She and her sisters the TSS Duke of Argyll and the TSS Duke of Rothesay were among the last of the passenger-only steamers that were built for British Railways, which back then was also a ferry operator. The TSS Duke of Lancaster was much larger than the ship she replaced, the RMS Duke of Lancaster, which was built by the London Midland and Scottish Railway in 1928.
She now lays abandoned and slowly decaying on the Welsh coastline. Even though a large part of her body is covered in rust, the total condition of the ship is more than good. She was even featured in the BBC documentary Coast.
She was built in Belfast by Harland & Wolff and was delivered ready for service in 1956. She began her life alongside the Argyll and Rothesay on the Heysham-Belfast passenger ferry service, but the Lancaster was outfitted differently to her sisters to enable her to operate as a cruise ship too. Given her capacity and power, the TSS Duke of Lancaster was capable of traveling to diverse locations such as Belgium, Denmark, the Scottish Islands, Netherlands, Norway and Spain carrying up to 600 first class and 1,200-second class passengers.
In the 1960s, the railway steamers started to gradually be superseded by car ferries. In order for British Railways to be able to stand against its competition, a program of converting some of their ships was undertaken to meet customer demand for the increasingly popular style of ferry, rather than taking the more expensive option of replacing their whole fleet.
The TSS Duke of Lancaster’s cruising trips were put on hold while the fleet was upgraded. She was refitted in her turn with the main deck transformed so that she could accommodate vehicles via a door at her stern.
She was ready to get back to the water on 25 April 1970 and did so under the new Sealink brand. She was now able to transport some 1,200 single-class passengers and more than 100 cars, including cabin accommodation for 400 passengers.
And so the three sisters continued to do their job up and down the Heysham-Belfast route until the service was canceled on 5 April 1975. The Duke of Lancaster was briefly appointed to run on the Fishguard-Rosslare crossing, and then she became a regular vessel on the Holyhead–Dún Laoghaire route. She remained there until November 1978.
After her last voyage, she was docked near Mostyn Docks on the River Dee in north east Wales. The TSS Duke of Lancaster was purchased by Solitaire Liverpool Ltd who had plans for her to become a leisure attraction, including a market and hotel. Problems with obtaining planning permission and legal disputes with the local authorities meant that the Fun Ship project was unsuccessful.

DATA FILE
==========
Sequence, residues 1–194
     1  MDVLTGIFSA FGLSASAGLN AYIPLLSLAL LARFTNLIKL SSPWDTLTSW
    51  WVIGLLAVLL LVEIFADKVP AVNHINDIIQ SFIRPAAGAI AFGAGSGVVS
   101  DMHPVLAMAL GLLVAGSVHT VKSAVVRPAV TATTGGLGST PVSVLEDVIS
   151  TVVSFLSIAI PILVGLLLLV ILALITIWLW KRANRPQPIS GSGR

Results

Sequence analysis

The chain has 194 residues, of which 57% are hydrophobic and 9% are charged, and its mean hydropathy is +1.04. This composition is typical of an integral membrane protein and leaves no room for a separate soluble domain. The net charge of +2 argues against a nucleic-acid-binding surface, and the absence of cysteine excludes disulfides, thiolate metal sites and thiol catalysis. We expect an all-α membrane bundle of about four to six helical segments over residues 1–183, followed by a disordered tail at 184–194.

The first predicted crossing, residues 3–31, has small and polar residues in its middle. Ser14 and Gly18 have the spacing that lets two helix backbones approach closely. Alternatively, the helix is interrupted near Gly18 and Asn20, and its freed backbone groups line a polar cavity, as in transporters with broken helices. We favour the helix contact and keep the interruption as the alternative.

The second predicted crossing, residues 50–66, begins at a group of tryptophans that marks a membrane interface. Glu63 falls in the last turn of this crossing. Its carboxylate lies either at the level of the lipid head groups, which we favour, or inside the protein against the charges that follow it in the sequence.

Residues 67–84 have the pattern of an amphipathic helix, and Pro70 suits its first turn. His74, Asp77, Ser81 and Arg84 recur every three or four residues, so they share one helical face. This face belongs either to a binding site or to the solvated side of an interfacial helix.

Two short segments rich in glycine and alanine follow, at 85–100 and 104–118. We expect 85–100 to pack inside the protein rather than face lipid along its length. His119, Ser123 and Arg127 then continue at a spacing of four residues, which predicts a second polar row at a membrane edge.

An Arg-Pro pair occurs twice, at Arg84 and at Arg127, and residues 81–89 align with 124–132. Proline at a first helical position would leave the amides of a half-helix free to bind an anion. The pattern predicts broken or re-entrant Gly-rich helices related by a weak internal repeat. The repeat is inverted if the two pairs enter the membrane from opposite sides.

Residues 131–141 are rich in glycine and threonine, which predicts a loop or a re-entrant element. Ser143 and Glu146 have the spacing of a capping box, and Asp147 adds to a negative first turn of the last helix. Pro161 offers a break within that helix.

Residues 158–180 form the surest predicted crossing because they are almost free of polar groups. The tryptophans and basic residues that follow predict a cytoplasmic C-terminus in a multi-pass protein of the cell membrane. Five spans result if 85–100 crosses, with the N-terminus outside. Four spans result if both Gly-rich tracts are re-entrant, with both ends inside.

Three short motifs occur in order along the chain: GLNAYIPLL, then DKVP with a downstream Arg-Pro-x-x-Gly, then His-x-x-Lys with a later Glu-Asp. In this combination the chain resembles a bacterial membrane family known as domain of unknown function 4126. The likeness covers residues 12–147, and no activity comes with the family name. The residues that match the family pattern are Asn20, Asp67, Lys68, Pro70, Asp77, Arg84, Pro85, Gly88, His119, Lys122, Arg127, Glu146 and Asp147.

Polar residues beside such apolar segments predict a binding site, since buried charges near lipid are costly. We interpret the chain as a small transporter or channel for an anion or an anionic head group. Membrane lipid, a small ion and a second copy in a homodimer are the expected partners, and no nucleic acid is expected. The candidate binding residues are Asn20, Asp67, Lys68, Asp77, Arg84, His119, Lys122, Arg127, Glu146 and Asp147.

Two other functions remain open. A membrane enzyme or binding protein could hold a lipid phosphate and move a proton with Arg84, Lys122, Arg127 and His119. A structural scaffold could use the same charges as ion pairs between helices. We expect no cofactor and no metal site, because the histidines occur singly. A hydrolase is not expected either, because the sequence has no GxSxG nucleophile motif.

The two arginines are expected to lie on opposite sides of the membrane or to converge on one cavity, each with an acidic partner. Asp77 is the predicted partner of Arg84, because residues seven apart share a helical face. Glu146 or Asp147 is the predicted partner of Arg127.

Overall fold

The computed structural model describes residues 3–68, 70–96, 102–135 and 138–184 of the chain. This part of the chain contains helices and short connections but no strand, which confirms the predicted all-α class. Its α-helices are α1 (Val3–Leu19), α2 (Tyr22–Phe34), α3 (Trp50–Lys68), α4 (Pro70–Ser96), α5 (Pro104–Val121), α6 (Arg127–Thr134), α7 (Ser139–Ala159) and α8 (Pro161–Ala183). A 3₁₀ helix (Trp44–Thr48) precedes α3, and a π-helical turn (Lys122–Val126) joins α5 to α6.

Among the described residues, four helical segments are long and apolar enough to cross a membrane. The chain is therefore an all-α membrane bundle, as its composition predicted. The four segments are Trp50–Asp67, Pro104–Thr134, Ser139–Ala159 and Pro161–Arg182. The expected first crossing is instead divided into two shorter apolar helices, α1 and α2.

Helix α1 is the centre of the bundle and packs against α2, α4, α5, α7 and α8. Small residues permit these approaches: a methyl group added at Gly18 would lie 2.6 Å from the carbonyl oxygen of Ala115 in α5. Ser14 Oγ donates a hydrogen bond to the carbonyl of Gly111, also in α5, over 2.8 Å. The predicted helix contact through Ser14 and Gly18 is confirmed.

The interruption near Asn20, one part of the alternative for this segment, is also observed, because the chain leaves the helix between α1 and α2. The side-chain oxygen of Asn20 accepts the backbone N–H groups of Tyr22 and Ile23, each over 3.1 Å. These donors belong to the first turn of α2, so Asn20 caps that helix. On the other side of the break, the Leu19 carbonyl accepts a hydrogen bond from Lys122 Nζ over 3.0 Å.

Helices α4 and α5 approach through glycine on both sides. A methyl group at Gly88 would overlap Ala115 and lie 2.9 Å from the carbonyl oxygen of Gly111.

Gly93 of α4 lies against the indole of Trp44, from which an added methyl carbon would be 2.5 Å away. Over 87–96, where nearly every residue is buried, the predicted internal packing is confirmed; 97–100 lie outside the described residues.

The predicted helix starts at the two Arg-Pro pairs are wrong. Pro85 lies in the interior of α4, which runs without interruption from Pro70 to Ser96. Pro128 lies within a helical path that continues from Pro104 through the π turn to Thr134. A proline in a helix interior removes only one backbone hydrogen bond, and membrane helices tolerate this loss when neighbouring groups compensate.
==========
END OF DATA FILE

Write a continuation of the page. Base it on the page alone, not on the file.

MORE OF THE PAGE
The owners eventually walked out on the Fun Ship, but not before 50 arcade machines were installed on one of her decks.
The ship was abandoned with everything left onboard exactly as it was. Somehow she was accessed by a group of urban explorers and in 2011 the pictures they took were spotted by an avid arcade game enthusiast. He was eager to get his hands on the retro machines and, after finally tracking down the owners, struck a deal to buy them.
Soon realizing that the only way to remove the arcade games from the ship would be to use cranes and similar heavy lifting equipment, he got together with some local arcade game collectors early in 2012 to do just that. The classic coin-operated machines were sold to collectors around the world to be lovingly restored to their former glory.
One of the future plans for the Duke of Lancaster was to transform her into the largest open air gallery in the United Kingdom. The famous Latvian graffiti artist Kiwie was commisioned to spray paint a design on the ship. The first phase of covering the ship with graffiti was to paint murals on her between August and November 2012.
Kiwie and a group of European graffiti artists successfully finished phase one. When the second phase started on at the end of March 2013 it included the work of other famous artists such as Spacehop, Dan Kitchener, Snub23 and Dale Grimshaw. One of the murals is a portrait of the ship’s first captain John ‘Jack’ Irwin.